Personally speaking, I didn’t even know my song was featured until an A&R rep reached out to me to talk about my music, mentioning he found me on Spotify’s “Fresh Finds” playlist. I had no idea what he was talking about, but I checked my Spotify plays and saw that one of my tracks, which previously had less than 1,000 plays, had suddenly increased to nearly 40,000! I had no idea what to do next other than just feel giddy that people were discovering my music. In reality, there are several important steps that every artist should take when his or her music is featured in a Spotify playlist.

Promote Your Feature

First things first: if you do get featured on a playlist, treat it like a good press feature and share that thing! This is a good time to do a sponsored social media post with a link to your song on Spotify. You should already budget for promoting your music on Spotify, but after your song is featured on a playlist, make a custom post and bump up the awareness. Be sure to share the playlist itself, too, not just your song.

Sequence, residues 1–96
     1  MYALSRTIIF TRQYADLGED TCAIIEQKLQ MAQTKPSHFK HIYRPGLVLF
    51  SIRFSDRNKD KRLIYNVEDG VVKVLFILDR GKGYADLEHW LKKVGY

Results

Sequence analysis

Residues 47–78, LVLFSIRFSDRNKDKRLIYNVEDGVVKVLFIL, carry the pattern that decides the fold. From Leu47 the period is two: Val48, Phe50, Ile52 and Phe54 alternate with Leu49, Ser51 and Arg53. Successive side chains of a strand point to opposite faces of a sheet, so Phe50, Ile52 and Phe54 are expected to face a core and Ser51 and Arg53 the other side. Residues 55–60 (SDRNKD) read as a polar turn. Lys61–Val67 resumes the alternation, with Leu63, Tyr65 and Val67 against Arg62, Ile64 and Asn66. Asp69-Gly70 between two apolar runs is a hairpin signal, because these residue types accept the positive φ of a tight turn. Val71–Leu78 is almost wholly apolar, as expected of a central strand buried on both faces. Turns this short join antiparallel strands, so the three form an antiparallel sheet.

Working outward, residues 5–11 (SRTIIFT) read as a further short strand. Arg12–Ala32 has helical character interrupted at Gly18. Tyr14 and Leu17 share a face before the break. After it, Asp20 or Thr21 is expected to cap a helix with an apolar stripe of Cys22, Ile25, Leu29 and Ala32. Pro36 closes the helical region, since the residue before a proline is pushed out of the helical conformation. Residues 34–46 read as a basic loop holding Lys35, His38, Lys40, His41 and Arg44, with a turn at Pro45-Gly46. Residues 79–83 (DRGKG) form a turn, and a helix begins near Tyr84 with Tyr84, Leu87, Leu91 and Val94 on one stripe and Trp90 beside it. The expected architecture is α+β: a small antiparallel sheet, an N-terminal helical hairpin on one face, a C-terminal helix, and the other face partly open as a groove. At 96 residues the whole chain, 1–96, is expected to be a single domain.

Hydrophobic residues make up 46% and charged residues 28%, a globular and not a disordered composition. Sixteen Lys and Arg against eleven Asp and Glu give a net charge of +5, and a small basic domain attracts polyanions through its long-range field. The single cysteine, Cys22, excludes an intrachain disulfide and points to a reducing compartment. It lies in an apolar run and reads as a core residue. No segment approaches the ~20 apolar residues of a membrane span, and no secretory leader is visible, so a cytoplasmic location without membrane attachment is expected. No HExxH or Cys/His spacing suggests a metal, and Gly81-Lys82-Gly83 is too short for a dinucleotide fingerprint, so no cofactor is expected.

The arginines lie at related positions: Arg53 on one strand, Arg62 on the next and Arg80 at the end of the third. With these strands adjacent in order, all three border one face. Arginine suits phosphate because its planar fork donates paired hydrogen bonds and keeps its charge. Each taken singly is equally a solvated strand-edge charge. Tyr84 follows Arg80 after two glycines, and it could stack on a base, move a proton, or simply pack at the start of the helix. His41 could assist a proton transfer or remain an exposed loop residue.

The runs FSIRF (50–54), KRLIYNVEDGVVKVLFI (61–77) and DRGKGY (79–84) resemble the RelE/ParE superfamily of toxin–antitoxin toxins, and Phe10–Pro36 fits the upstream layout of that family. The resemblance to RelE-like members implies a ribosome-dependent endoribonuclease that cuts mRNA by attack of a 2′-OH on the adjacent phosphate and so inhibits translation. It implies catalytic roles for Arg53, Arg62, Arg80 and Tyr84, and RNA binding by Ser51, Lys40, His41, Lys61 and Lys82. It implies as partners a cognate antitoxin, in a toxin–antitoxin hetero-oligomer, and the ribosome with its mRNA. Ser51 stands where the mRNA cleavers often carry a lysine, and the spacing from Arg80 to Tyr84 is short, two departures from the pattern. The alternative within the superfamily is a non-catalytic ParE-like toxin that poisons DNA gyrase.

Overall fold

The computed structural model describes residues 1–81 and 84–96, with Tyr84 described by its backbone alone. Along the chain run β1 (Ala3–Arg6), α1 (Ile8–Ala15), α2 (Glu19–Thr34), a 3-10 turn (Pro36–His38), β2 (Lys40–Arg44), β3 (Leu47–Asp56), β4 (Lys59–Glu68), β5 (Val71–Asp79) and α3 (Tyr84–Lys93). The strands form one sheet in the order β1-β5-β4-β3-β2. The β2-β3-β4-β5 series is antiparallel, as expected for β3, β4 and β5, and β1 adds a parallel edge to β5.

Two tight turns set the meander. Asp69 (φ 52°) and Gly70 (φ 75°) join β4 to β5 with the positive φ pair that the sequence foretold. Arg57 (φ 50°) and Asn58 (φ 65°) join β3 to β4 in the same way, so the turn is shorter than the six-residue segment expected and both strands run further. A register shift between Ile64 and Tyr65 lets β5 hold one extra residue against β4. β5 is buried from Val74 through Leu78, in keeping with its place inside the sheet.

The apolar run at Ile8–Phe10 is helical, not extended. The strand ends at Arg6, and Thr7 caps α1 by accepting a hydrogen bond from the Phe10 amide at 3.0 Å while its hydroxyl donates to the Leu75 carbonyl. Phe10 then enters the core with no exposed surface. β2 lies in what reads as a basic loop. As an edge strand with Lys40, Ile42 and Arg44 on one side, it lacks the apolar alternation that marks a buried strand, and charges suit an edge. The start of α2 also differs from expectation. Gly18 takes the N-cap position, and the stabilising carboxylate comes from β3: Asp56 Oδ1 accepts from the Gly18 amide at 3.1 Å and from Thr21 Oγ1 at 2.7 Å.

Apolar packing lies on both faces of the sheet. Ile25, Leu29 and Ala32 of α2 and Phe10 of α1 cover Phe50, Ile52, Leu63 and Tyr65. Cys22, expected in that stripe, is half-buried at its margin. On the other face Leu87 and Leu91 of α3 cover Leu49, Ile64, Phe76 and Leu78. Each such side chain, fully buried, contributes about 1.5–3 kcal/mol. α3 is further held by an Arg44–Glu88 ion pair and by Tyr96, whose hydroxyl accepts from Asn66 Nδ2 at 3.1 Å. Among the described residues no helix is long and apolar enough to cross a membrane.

Thank the Playlist Curator(s)

You may have to do a little research to find the names of the playlist curators, but that’s what Google is for, right? Get to stalking! If you can, find their emails, send them a genuine thank you, and establish a relationship. It’s also a good idea to find their Twitter handles and tag them when you share the playlist.

If someone out there likes your music enough to put you on a playlist that literally thousands of other musicians are dying to be on, chances are he or she is going to be open to hearing from you. Capitalize on their interest, and make a connection as soon as possible.

Search the Charts

Even if your song is added to a small playlist and you only get a modest bump in streams, the rate of growth can be enough to earn some chart action. Search Viral 50, Spotify US, Spotify Global charts, etc. Making it onto one of these is a huge opportunity to shine.